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This is all well and good, but unfortunately for Astralis, they will be missing their new key player at ESL One Cologne as Kjærbye has already attended the EU minor with his former side, Team Dignitas. Due to these rules set for the major tournament, Lukas “gla1ve” Rossander will play as Kjærbye’s stand-in, and for obvious reasons, the Danish lineups IGL, Finn “karrigan” Andersen has said that their main goal for the major is to finish within the top eight, allowing them to retain their Legends invite for the next major, later this year. Looking at the group they are in, it is unlikely that we will not see Astralis achieve this goal, especially with a few days of bootcamping to allow Rossander to settle in his new role.

Counter Logic Gaming

At the first major tournament of the year, MLG Columbus 2016, CLG finally achieved their goal of getting passed the group stages, securing a Legends invite to the next major, but then falling short of a better placement after a relatively close 2-0 series loss to North American rivals, Team Liquid. Regardless of that positive result, the team went back to the good ol’ North American way with another group stage exit at DreamHack Austin after back-to-back losses to Cloud9, including a 1-16 battering. Unhappy with their performance, the team decided to release Jacob “FugLy” Medina.

Still in search of the steady roster that every successful team requires, they decided to bring in sniper, Kenneth “koosta” Suen, who, without a doubt, has the ability to change the pace of any game if the In-game Leader allows him to do his own thing, get the picks that are required, and not being cemented into a preset, mundane role. With better opportunity coming up, CLG lost one of their star players, Josh “jdm64” Marzano to Team Liquid, and due to a lack of player availability, the North American side have again taken the decision to use Faruk “pita” Pita as their fifth, who previously acted as a stand-in during ELEAGUE as the search continued for their official fifth player.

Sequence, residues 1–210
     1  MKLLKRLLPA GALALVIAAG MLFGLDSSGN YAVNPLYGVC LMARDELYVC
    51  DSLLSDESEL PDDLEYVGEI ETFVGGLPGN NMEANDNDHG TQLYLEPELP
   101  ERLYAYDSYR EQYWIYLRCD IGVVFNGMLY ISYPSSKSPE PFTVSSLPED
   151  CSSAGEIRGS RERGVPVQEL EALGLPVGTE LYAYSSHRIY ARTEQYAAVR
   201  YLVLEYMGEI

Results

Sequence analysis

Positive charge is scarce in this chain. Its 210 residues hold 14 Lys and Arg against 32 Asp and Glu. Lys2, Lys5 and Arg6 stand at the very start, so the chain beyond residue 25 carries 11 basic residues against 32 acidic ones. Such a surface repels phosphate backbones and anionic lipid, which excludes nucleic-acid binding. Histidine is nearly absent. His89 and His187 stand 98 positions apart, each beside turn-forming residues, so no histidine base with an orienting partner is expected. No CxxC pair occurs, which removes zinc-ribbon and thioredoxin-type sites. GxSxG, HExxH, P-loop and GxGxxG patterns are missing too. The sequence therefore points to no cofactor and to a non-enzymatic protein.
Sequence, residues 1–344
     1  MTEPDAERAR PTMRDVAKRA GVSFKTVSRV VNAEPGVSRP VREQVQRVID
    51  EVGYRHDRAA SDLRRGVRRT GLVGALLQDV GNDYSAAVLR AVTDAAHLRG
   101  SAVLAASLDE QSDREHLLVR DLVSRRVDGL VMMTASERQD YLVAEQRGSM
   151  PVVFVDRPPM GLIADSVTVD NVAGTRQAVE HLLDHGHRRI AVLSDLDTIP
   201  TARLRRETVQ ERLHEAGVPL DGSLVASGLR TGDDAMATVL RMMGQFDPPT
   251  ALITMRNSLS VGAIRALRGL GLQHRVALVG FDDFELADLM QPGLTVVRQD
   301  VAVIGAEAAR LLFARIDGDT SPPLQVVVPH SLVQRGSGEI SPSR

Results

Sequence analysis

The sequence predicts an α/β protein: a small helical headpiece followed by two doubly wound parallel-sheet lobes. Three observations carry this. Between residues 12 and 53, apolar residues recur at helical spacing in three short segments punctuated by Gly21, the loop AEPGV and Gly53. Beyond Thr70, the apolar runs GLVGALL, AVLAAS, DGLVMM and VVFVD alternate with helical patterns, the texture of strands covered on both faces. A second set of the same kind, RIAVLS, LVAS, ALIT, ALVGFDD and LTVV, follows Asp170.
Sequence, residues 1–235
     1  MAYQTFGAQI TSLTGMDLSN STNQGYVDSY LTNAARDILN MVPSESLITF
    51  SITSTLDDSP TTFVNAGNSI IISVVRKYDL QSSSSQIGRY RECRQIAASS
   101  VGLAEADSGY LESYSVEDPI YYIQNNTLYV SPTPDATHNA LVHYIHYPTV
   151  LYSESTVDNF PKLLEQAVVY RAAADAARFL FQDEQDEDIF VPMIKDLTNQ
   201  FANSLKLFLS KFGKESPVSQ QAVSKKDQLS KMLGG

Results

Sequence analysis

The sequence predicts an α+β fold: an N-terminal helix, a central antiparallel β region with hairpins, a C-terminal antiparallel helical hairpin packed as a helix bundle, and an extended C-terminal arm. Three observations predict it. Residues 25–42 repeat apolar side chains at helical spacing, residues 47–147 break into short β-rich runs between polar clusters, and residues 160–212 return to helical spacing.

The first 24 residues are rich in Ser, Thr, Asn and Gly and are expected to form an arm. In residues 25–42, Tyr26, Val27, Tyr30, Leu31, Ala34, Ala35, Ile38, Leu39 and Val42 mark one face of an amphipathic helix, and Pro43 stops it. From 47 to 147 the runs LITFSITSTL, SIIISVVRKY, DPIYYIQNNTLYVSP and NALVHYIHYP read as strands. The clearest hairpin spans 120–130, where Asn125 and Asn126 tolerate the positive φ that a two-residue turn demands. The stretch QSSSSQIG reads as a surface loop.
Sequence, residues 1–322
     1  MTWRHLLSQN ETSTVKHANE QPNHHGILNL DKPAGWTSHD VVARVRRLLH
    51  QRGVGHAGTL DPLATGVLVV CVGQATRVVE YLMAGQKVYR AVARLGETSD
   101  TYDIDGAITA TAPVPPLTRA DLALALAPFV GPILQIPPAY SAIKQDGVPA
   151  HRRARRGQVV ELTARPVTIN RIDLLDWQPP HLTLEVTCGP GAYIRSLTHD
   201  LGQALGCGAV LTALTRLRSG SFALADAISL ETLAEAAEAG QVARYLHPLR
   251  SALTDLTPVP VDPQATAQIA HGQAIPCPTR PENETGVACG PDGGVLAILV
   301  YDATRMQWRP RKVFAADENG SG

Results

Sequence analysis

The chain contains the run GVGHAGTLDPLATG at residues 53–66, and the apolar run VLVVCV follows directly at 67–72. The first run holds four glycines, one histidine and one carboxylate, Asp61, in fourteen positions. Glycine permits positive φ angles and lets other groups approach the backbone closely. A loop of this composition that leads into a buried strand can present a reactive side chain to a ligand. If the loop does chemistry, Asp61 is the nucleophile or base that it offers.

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If we go back in time, to before the Marzano and Suen exchange took place, we find ourself in ELEAGUE’s Group C, which wasn’t the best of weeks for CLG. Right from the off, we knew it was going to be a slow week for NA’s hope in the third week of Turner’s $1.4 million ELEAGUE competition as they were taken down by SK Gaming and Astralis with 16-3 and 16-2 defeats, respectively. The Americans did put a couple wins together, but no convincing defeats that are worth a mention, and therefore, finished their week with a 2-4 record.